The incredibly stimulating experience left me feeling invigorated to further push forward with my Global Shapers Canberra cohort, the World Economic Forum movement for young leaders, and my organisation, Raise Our Voice Australia. The latter which was established to support the next generation of female and non-binary public policy leaders from all backgrounds. It aims to adopt both a bottom up and top down approach to slowly and surely create the change we want to see.
As a result of attending Davos I feel validated in my mission to help build a better ‘normal’. As a result of following various Davos discussions on the power of public policy, I am now feeling even more confident in the tool I’ve chosen. I’m pleased to belong to a community of people who are passionate about making change, and I remain hopeful that we’re moving in the right direction.
But, we do have work to do! I’ve never been so sure of the need to uplift marginalised voices, particularly young women, than I am right now.
Ashleigh Steeter-Jones is founder of Raise Our Voice Australia, an initiative to boost the number of diverse young female and non-binary voices in public decision making. She was 2017 ACT Woman of the Year, and is currently Vice-President of YWCA Canberra and Incoming Curator of the Canberra Global Shapers Hub.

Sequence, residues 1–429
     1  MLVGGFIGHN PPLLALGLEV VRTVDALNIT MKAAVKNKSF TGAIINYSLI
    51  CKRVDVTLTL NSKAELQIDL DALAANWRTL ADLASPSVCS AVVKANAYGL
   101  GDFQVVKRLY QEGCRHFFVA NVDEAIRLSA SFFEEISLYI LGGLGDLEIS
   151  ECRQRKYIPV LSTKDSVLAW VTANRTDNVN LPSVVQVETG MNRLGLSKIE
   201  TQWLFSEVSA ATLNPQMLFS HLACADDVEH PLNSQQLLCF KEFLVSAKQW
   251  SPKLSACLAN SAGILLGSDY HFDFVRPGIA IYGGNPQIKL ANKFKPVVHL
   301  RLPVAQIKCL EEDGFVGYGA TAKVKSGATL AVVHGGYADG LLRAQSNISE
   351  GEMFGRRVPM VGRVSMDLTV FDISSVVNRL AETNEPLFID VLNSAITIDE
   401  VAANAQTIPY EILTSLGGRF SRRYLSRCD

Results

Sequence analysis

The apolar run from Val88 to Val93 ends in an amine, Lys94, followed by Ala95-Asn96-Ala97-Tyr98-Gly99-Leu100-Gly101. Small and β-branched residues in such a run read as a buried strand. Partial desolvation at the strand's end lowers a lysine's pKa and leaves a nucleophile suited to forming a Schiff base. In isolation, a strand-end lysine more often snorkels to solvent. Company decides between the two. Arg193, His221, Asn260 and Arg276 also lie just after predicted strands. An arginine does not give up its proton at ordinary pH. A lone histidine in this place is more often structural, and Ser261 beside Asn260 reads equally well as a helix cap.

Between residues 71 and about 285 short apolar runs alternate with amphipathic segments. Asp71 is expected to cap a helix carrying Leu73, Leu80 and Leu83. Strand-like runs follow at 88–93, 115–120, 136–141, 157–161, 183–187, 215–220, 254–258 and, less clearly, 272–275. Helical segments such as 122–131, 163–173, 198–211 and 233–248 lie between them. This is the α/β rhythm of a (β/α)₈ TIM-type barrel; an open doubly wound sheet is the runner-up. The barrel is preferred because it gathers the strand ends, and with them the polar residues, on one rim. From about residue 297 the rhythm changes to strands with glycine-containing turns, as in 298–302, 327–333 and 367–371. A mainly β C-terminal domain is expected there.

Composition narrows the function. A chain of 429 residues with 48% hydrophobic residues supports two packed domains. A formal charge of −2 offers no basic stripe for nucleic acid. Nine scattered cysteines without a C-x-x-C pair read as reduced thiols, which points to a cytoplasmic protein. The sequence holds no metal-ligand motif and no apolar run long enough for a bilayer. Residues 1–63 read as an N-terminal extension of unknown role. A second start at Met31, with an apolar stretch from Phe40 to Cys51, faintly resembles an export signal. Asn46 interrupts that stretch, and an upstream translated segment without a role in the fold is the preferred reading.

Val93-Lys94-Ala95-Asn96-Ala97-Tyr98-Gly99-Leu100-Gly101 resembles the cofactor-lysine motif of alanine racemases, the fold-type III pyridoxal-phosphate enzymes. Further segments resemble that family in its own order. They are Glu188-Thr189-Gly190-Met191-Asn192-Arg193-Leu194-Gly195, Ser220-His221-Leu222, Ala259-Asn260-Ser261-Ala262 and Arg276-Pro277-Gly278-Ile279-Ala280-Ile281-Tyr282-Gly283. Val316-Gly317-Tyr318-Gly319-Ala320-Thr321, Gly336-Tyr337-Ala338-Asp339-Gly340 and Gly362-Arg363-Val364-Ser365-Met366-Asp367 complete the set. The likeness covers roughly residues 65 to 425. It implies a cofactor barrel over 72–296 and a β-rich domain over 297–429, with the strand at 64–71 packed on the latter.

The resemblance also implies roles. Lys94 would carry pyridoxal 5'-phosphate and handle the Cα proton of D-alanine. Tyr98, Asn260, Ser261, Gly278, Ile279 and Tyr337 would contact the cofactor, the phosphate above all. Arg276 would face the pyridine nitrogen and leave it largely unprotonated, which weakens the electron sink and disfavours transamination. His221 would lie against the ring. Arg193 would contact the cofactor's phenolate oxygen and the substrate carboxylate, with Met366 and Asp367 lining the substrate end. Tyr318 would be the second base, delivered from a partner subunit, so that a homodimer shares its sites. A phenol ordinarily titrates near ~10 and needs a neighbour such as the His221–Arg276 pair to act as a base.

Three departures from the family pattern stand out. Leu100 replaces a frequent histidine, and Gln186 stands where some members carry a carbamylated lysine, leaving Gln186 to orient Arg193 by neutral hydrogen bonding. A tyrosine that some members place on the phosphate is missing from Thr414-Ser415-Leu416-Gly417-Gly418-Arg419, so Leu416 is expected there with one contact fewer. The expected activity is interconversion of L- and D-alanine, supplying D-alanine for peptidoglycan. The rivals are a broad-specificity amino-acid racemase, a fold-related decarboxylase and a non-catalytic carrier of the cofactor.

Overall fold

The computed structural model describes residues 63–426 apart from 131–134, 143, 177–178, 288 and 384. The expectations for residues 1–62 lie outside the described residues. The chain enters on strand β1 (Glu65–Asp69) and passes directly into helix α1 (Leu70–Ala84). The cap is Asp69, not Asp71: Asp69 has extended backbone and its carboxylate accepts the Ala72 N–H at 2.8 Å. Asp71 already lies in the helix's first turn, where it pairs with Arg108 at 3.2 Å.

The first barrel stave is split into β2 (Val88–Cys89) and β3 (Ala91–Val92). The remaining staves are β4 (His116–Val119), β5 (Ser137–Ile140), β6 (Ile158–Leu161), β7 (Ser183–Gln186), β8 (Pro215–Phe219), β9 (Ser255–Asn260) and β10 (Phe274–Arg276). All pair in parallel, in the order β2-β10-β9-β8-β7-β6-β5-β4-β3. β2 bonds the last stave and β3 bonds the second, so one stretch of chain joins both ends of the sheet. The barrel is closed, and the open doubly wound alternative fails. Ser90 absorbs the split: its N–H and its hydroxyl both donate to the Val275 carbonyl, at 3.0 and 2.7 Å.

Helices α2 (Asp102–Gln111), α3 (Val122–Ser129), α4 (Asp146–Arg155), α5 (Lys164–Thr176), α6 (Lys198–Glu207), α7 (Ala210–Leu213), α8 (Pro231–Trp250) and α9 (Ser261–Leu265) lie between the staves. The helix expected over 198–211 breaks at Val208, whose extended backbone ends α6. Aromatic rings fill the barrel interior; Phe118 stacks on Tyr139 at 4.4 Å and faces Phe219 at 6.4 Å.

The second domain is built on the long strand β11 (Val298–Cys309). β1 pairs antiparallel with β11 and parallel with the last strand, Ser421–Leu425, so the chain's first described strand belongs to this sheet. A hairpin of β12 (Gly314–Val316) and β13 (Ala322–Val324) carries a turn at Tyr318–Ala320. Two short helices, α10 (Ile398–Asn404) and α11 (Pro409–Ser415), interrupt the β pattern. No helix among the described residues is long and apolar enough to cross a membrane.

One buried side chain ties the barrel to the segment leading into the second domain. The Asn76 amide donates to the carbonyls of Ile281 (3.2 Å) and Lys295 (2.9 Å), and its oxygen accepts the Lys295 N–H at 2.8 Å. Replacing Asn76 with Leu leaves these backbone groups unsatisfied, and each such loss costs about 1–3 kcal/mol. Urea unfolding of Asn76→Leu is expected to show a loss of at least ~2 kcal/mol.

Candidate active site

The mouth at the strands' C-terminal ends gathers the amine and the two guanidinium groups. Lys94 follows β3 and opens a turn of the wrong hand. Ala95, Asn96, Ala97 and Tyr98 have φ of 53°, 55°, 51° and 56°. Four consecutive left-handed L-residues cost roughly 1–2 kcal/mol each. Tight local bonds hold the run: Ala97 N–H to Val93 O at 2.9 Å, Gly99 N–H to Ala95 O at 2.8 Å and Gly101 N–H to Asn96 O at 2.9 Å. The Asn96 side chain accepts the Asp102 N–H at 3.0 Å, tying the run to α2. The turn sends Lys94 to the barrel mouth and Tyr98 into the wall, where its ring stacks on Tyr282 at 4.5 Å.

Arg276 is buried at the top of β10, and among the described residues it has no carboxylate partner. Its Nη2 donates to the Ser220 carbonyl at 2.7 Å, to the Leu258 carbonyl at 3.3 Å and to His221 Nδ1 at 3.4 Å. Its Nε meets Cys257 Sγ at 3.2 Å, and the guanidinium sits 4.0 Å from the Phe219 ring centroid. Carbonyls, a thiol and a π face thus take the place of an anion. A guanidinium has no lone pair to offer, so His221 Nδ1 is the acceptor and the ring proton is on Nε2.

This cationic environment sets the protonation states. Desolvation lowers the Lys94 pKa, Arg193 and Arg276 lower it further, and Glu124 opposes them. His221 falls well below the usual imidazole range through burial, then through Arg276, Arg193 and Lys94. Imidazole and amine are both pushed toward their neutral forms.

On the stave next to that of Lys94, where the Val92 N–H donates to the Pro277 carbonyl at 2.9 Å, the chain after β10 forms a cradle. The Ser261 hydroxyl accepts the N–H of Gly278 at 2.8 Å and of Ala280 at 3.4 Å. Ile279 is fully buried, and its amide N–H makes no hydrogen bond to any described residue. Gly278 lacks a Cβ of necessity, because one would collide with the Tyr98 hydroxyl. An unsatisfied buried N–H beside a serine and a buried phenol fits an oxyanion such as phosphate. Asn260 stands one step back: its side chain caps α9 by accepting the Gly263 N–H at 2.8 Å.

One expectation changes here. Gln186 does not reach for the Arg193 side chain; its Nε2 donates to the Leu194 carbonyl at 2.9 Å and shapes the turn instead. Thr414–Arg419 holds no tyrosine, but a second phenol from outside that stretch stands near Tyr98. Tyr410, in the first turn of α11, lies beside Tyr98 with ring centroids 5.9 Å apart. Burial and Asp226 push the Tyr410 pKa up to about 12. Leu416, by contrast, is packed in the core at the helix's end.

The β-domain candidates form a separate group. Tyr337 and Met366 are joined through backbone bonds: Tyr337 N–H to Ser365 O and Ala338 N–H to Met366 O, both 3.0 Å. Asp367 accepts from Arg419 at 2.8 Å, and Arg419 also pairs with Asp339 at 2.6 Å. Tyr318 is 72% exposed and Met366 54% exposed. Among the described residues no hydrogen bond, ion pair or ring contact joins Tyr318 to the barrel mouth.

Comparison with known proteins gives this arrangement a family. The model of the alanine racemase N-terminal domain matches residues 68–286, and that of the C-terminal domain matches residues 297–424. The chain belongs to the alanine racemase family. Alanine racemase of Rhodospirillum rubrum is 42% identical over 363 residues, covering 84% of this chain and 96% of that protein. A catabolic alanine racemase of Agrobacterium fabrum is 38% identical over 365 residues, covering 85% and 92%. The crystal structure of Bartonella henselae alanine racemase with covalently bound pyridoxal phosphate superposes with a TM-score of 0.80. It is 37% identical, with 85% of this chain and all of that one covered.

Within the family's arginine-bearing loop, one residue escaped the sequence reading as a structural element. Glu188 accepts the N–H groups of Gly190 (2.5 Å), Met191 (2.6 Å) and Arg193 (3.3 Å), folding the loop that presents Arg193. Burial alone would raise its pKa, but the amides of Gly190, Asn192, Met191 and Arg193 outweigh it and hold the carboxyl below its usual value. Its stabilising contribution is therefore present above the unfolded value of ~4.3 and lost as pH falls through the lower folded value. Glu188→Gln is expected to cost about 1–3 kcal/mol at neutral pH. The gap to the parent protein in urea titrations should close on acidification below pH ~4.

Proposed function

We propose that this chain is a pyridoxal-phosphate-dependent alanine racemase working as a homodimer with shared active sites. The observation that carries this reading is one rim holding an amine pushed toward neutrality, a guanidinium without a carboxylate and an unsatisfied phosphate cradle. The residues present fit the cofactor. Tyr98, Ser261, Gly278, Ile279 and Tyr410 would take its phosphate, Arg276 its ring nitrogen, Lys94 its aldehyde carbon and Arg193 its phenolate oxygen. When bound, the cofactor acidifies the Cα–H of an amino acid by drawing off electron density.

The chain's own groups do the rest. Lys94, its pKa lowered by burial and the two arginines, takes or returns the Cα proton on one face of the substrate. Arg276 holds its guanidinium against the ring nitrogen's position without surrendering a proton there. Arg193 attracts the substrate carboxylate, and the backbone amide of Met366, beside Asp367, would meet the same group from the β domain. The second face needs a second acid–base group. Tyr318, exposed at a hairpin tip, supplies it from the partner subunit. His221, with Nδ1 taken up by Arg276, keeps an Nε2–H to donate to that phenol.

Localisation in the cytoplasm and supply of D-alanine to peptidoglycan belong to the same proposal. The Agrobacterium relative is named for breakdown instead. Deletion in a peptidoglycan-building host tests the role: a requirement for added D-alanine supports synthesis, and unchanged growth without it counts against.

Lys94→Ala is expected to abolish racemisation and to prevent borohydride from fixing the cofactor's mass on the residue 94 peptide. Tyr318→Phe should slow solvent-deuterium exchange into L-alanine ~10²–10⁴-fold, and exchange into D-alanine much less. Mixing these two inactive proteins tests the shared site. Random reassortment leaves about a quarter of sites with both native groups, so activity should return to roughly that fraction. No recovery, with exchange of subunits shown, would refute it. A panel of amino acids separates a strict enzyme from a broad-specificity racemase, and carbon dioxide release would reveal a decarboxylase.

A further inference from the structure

For gender activists like myself, International Women’s Day is a favourite time of the year. It’s a time to celebrate women and the progress we’ve made. Every year we welcome progress towards gender equality, and honour trailblazing feminists.
But there’s a darker side to the day that needs to be addressed.
Most of the women involved in public events around International Women’s Day represent a certain privileged group of women. More often than not, the women at these events are from a particular background – older, Caucasian and with a career's worth of success behind them.
These women have worked hard to get where they are and their success is absolutely worth celebrating. However, we also need to recognise and value the many who are overlooked and deprived of these important platforms. The contributions and voices of younger women – particularly those from diverse backgrounds – are far too often ignored.
Young women have a unique perspective on the modern world. We’re among the first generation to have grown up with computers and social media. As such, we went through school experiencing horrendous issues such as revenge porn and online trolling.